2,000-Year-Old Bath Discovered Under Family Home in Jerusalem

The ancient site tells tales from the Roman Siege of Jerusalem.

Home owner Tal Shimshoni Photo: via the Daily Mail
Home owner Tal Shimshoni
Photo: via the Daily Mail
The entrance to the 2,000-year-old bath <br> Photo: via <i> Daily Mail</i>

The entrance to the 2,000-year-old bath
Photo: via Daily Mail

A family living in Jerusalem have discovered a 2,000 year-old bath under the floor of their living room, thought to bear the scars of the Roman siege of the city in 70AD.

The bath, or miqwe, a ritual immersion bath used for washing before holy days and the Sabbath was discovered three years ago when the family was making alterations to their home. On discovering the miqwe they built a trap door over the stairs which leads from their living room to the ancient archaeological site.

“Initially, we were uncertain regarding the importance of the find revealed below our house and we hesitated contacting the Israel Antiquities Authority because of the consequences we believed would be involved in doing so,” said Tal Shimshoni who owns the house. “At the same time, we had a strong feeling that what was situated beneath the floor of our house is a find of historical value and our sense of civic and public duty clinched it for us. We felt that this find deserves to be seen and properly documented.”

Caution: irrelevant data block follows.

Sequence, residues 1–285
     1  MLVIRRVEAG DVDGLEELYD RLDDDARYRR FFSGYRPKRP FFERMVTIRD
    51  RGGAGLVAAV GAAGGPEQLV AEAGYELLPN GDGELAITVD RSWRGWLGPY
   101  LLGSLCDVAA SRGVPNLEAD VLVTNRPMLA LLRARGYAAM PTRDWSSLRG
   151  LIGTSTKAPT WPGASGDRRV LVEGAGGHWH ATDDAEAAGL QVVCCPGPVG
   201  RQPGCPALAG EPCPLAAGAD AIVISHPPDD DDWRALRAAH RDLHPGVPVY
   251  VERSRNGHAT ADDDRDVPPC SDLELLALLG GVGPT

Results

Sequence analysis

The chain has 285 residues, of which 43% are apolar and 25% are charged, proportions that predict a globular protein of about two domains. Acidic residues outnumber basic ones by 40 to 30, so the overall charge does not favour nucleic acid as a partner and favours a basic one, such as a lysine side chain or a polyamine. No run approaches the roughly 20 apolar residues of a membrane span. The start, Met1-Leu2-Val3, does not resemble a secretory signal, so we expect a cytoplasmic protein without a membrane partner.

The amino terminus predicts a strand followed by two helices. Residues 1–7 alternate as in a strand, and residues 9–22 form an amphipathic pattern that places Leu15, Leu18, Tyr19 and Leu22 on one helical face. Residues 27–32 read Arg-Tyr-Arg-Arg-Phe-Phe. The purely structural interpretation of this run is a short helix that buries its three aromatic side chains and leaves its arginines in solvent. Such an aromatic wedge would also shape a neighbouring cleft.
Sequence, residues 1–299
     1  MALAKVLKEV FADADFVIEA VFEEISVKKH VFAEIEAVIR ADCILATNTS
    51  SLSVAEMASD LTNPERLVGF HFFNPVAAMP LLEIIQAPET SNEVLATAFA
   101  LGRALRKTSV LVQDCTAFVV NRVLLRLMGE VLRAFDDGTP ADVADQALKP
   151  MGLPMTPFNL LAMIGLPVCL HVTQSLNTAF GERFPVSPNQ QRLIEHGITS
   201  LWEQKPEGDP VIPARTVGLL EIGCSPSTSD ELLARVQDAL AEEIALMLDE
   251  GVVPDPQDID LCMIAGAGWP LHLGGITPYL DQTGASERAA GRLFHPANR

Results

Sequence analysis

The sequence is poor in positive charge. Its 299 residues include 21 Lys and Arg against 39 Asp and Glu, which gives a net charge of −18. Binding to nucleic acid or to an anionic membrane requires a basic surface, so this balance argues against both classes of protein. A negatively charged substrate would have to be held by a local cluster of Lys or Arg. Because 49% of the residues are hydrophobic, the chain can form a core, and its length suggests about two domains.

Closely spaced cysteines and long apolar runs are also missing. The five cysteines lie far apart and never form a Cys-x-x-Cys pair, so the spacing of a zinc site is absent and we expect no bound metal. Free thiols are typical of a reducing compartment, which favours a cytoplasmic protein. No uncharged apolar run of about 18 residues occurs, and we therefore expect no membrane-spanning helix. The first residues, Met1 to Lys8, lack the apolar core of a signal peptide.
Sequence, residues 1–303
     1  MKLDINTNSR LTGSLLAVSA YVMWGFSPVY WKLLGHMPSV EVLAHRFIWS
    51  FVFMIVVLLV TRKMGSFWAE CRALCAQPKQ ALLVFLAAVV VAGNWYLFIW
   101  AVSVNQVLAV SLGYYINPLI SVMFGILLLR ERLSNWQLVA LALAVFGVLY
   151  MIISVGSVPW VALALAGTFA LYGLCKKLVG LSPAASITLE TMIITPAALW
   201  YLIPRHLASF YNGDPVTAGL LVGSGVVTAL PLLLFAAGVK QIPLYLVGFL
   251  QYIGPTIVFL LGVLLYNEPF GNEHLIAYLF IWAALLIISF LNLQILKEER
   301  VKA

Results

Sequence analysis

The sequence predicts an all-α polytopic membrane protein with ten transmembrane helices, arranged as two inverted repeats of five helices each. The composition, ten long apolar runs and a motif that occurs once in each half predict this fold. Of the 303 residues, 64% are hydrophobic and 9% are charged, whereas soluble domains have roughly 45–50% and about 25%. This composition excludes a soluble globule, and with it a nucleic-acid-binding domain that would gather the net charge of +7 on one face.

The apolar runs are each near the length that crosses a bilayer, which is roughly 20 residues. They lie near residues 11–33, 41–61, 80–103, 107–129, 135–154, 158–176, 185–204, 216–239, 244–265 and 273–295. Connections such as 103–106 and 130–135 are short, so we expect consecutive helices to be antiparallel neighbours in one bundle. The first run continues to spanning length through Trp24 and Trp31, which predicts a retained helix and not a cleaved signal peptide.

An inside view of the ancient  miqwe<br>Photo: via the <i>Daily Mail</i>

An inside view of the ancient miqwe
Photo: via the Daily Mail

Measuring 11 feet (3.5 meters) long, 8 ft (2.4m) wide and 6ft (1.8 m) deep, and plastered into the rock with great care, the bath is also thought to provide evidence of the age of the neighborhood of ‘Ein Kerem.

“‘Ein Kerem is considered a place sacred to Christianity in light of its identification with ‘a city of Judah’–the place where, according to the New Testament, John the Baptist was born and where his pregnant mother Elisabeth met with Mary, mother of Jesus,” said archaeologist for the Jerusalem District at the Israel Antiquities Authority, Amit Re’em.

The ancient bath tells stories of ancient times <br> Photo: via the <i>Daily Mail</i>

The ancient bath tells stories of ancient times
Photo: via the Daily Mail

“Despite these identifications, the archaeological remains in ‘Ein Kerem and the surrounding area, which are related to the time when these events transpired (the Second Temple period), are few and fragmented,” he added. “The discovery of the ritual bath reinforces the hypothesis there was a Jewish settlement from the time of the Second Temple located in the region of what is today ‘Ein Kerem.”

Archaeologists are thrilled with the discovery <br> Photo: via the <i>Daily Mail</i>

Archaeologists are thrilled with the discovery
Photo: via the Daily Mail


Follow artnet News on Facebook:


Want to stay ahead of the art world? Subscribe to our newsletter to get the breaking news, eye-opening interviews, and incisive critical takes that drive the conversation forward.

Share

Article topics